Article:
SEPTEMBER: Charlie Parker attempts suicide by swallowing iodine and is replaced by Coleman Hawkins in Jazz Parade show scheduled for tour of Europe Jump saxist Rudy Williams, who toured Japan with Oscar Pettiford, commits suicide in New York Singer Annie Ross leaves Jack Parnell for Tony Crombie Ten big showmen plan commercial TV combine Decca put up prices and plan to Issue 45s.
OCTOBER: Canadian singer, 20-year-old Stephanie Wise, gets job with Oscar Rabin 24 hours after arriving in Britain but leaves after four weeks to join Ronnie Scott. Royal Variety Show Features Jack Hylton, Ted Heath, Jack Parnell, Eric Robinson, Dickie Valentine, Eddie Calvert, Frankie Laine and Guy Mitchell Death of Boss (Memphis Blues) Crump, aged 80 Melody Maker vocal discovery Valerie Kleiner joins Ken Moule Band Eric Delaney gets Silver Record for his first band record, "Delaney's Delight" and "Oranges and Lemons". Trumpet-leader Kenny Baker makes history as first jazz musician to appear in Daily Herald. Brass Band Contest Saxist-leader Billy Sproud reopens Embassy Club after three month closure.
NOVEMBER: Death of 49-year-old pianist-arranger Clem Barnard, general factotum for. 29 years with Billy Cotton Five-year contract with Capitol for Johnny Dankworth AFM president Petrillo rejects end-the-ban plea from Ted Heath Parlophone record the Kirchin Band led by Ivor and his drummer son Basil, who leave Mecca for countrywide tour. Lionel Hampton band sweeps Europe like a tornado. Jazz tenorist Tubby Hayes and his wife found guilty and fined on drug charge in Blackpool. Pianist Bill McGuffie, one of the originals, leaves BBC Show Band Death of US trumpeter-vocalist 46-year-old Oran "Hot Lips" Page.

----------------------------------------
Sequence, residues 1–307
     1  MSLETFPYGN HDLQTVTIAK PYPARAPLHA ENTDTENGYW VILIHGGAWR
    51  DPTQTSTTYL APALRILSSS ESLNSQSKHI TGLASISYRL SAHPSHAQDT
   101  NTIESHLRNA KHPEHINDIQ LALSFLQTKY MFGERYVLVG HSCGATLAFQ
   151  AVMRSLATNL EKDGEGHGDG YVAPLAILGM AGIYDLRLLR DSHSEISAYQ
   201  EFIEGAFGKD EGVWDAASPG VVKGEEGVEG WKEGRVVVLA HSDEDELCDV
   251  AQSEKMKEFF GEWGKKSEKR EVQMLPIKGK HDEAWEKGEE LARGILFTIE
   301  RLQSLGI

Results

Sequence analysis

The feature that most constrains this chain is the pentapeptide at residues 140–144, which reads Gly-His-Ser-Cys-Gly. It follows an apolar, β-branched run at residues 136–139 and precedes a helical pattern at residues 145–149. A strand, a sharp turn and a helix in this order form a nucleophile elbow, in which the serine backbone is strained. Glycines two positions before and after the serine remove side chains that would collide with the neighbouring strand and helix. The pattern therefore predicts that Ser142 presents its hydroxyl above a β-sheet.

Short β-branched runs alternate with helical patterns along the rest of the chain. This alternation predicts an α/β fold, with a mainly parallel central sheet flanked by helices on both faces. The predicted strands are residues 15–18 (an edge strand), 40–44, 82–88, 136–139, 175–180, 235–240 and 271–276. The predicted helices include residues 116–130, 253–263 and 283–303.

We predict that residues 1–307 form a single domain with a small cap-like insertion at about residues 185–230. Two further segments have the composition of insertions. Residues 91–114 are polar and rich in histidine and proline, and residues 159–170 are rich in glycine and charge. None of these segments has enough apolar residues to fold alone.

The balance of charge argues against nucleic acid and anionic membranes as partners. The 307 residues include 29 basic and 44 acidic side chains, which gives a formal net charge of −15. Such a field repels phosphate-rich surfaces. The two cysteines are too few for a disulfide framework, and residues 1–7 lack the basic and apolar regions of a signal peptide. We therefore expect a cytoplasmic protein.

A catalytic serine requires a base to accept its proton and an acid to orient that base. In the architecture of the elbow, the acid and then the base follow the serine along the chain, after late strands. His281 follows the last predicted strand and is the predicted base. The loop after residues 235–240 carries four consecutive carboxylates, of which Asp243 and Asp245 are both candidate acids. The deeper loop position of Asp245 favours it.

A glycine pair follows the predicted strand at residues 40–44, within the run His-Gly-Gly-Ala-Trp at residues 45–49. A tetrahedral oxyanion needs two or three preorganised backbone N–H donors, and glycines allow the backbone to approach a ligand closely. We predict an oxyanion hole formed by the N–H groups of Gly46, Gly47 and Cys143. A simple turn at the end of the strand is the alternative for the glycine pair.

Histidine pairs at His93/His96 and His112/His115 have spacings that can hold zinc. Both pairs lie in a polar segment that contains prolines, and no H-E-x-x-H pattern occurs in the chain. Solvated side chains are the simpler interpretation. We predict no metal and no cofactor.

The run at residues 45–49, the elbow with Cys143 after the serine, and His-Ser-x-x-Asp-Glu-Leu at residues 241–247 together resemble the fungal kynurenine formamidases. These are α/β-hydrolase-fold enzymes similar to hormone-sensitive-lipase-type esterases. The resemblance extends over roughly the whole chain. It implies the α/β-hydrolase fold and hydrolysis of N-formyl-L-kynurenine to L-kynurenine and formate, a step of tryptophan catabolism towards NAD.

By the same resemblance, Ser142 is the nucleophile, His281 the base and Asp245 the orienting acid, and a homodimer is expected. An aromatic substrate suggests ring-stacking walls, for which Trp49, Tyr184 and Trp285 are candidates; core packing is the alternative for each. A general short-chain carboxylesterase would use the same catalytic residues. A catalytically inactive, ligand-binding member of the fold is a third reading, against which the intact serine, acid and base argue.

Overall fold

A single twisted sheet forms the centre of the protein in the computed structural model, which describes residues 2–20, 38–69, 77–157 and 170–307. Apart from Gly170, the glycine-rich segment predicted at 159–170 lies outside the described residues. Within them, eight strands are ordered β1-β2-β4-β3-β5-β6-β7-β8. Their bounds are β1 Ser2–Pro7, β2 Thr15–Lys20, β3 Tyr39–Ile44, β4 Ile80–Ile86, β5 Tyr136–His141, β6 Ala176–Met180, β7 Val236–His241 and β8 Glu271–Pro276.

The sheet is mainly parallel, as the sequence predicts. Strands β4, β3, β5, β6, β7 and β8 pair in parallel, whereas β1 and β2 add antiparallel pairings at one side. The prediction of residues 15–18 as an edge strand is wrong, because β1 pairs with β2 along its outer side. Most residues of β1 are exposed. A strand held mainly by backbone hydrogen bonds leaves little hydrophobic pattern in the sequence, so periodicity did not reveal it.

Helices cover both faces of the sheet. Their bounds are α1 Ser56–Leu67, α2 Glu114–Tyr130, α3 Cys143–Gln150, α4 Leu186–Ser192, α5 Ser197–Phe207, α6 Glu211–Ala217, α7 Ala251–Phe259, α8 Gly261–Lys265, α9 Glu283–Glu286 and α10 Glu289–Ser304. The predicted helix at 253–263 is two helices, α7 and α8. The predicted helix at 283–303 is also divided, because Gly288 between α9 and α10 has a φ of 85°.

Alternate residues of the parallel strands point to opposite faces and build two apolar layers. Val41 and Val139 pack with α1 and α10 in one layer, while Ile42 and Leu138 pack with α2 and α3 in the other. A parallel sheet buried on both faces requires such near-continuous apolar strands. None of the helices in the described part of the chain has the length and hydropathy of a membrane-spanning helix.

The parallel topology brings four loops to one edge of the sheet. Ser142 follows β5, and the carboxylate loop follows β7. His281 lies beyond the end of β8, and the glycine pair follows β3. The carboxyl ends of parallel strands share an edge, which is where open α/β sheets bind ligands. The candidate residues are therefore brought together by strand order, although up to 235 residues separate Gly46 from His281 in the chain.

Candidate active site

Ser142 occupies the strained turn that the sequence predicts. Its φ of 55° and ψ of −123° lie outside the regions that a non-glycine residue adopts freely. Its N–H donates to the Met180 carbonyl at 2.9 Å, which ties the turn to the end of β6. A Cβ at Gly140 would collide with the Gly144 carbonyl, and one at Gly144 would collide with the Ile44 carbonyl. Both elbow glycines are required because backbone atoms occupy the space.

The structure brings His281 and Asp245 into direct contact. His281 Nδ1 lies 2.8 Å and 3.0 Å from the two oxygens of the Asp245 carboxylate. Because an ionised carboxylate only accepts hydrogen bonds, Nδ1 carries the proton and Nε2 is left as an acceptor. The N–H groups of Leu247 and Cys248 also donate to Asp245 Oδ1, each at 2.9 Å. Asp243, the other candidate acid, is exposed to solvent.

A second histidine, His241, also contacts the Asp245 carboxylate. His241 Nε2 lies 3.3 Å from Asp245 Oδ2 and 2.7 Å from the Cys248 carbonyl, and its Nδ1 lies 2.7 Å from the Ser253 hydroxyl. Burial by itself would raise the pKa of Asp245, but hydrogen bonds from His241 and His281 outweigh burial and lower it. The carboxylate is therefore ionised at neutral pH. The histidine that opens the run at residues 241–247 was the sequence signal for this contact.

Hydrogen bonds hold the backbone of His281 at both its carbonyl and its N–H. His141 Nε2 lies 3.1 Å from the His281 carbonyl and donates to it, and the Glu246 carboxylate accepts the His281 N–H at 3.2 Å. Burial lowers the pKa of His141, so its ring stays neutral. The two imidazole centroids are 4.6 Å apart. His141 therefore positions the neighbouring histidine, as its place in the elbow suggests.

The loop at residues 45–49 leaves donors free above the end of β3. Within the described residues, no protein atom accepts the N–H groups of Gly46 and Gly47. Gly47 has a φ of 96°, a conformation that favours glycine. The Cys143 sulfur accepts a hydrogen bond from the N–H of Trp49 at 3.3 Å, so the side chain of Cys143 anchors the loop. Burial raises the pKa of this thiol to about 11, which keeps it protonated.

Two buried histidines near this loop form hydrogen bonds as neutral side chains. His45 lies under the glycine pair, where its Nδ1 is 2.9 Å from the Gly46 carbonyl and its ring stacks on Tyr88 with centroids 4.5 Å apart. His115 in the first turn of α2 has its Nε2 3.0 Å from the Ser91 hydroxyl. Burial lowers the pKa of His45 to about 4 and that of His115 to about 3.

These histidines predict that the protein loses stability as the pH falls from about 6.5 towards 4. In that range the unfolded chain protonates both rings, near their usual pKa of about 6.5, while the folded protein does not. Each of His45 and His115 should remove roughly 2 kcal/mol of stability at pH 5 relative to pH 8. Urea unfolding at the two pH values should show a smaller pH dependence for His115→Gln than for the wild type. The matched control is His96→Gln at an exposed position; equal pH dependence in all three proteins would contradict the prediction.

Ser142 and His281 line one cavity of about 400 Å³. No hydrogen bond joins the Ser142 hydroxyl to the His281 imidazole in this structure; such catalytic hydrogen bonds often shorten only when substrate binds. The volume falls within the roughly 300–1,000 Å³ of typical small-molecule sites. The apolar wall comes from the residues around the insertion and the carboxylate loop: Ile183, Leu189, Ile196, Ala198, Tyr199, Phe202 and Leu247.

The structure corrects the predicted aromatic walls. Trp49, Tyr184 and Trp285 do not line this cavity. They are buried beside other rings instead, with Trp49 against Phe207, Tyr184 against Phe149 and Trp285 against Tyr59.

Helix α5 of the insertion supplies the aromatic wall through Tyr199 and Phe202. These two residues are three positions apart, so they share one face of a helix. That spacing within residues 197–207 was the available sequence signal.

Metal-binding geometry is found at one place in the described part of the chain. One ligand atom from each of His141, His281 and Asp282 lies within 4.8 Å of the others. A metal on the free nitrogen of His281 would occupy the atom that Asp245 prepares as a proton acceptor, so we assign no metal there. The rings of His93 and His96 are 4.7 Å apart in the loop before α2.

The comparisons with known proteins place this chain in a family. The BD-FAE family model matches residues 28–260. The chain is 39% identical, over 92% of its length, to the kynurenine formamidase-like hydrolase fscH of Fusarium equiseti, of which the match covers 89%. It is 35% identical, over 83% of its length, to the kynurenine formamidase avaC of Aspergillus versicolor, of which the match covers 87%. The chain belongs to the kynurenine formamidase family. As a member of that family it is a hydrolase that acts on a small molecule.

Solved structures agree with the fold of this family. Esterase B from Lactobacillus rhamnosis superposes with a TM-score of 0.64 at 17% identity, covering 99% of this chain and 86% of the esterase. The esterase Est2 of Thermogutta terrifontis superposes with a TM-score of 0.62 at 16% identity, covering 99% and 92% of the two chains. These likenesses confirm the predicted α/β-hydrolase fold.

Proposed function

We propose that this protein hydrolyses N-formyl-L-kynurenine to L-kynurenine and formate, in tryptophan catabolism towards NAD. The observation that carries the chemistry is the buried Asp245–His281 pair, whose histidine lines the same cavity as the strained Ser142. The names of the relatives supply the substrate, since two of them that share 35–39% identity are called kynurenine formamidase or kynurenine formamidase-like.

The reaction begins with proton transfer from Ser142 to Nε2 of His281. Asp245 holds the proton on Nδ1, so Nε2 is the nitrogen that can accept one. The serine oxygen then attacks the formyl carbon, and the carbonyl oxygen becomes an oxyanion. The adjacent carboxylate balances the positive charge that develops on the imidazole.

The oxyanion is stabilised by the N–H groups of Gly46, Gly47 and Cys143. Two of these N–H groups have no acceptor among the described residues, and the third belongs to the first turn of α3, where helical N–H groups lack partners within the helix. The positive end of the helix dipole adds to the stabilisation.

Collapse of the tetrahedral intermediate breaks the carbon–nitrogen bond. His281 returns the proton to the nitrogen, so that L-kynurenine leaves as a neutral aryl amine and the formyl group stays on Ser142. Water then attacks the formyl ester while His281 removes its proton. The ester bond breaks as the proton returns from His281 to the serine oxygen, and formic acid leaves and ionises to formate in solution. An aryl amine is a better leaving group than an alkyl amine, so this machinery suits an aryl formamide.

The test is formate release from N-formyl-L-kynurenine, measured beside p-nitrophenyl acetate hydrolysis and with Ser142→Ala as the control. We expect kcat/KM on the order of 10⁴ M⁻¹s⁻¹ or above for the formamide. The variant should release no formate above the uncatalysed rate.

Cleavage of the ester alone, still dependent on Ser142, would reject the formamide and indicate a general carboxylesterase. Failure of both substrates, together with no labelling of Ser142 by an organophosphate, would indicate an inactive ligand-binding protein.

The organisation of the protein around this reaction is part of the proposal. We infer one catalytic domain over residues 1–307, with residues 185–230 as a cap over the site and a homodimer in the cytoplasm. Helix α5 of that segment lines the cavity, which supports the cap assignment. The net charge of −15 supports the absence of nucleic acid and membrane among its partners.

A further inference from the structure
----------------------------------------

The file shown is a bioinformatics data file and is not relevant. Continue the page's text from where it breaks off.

DECEMBER: Ted Heath does Christmas and New Year's Eve coast-to-coast broadcast for 200 NBC stations in States and considers film story of his life Singer Marion Williams leaves Oscar Robin to join Eric Delaney, whose new band makes radio debut Don Rendell Sextet goes commercial because Jazz in ballrooms doesn't pay Paramount screen test for Ted Heath singer Dennis Lotis Beginning of the end for 78s in the States Guitarist-vocalist Malcolm Mitchell forms all-star modern jazz band costing 10,000 for one-night-stands and contract with Decca London's oldest jazz club, Feldmans, closes after 13 years.

1955

JANUARY: BBC sponsors Festival of Dance Music at Albert Hall, notably featuring Ted Heath Impresario Henry Hall makes band-business comeback asMusical Directorat Mayfair Hotel, supplying seven-piece band led by pianist Bert Marland Eric Delaney signs gipsy "street singer" Danny Porches Oscar Peterson and Ella start concert tour of Britain on February 22 Death of Twenties blues singer Lee Morse and band-leader-composer Gus Arnheim, who was associated with Bing Crosby in 1930-31 EMI in 3 million deal to take over Capitol Closure of Wood Green and Kingston Empires Kenny Baker re-forms his Dozen.